Both told me that they think their relationship is likely better off than other families’ because of the amount of effort they have to put into maintaining it. The struggle results in a relationship that is more loving, more open, and more constructive than other mother-son relationships that people may take for granted. But it’s also a journey that’s hardly over.
On the album, Zach tees up the question of whether his parents would someday attend his wedding, and at the end of our group interview, I took the chance of asking Patty directly — which caught both of them off guard.
“Well that’s a bridge we have to cross when the time comes,” she said. “Is that fair?”
“You better be there,” Zach insisted.
“I didn’t say I wouldn’t be there, I just said that’s just something that with time, you know, we’ll cross that bridge when we get there. I’m not just going to say, ‘No, I would never,’ and I’m not going to say, ‘Yes I would.’ I’m just going to say we’ll cross that bridge when we get there.”
As Zach pressed a bit more, she admitted she wouldn’t let it burn their relationship, but she explained it was just a question she had never thought about before — and wasn’t done thinking about.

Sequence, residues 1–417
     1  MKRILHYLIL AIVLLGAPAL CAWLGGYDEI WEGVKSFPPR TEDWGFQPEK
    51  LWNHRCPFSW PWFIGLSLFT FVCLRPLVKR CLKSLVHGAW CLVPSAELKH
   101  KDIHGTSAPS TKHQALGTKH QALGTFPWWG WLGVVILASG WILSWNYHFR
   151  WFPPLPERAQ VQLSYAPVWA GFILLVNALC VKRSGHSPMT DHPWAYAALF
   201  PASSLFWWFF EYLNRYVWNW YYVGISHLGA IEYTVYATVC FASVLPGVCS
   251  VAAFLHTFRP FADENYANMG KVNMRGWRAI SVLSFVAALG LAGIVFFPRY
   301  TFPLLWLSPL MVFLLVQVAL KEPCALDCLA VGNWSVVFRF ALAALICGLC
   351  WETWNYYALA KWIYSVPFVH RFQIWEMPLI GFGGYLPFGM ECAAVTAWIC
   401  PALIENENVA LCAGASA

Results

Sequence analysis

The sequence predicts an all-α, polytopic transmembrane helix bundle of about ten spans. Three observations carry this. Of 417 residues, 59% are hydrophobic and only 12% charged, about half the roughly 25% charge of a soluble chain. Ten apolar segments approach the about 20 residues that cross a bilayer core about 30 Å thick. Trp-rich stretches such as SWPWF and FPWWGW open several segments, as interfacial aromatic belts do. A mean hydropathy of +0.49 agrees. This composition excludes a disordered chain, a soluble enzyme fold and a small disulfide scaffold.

“Well, there will be a seat for you,” Zach replied. Diffusing the tension, he added, “But I don’t know if anybody’s going to put up with me; that’s the bigger question.”
Even if it’s still a work in progress, it’s not lost on Patty that the work she and Zach are putting into their relationship could be a model for other families. Before we ended the call, she remarked, “Personally, I feel if I can impact just one person in this world — even if it’s just my kid — then it’s all worth it.”
If Zach’s thoughtfulness and humor — dirty or otherwise — is any indication, she has nothing to worry about.
Photos by Mindy Tucker
Zack Ford is a reporter at ThinkProgress.org, where he has covered LGBTQ politics and the Trump administration. You can follow him on Twitter @ZackFord.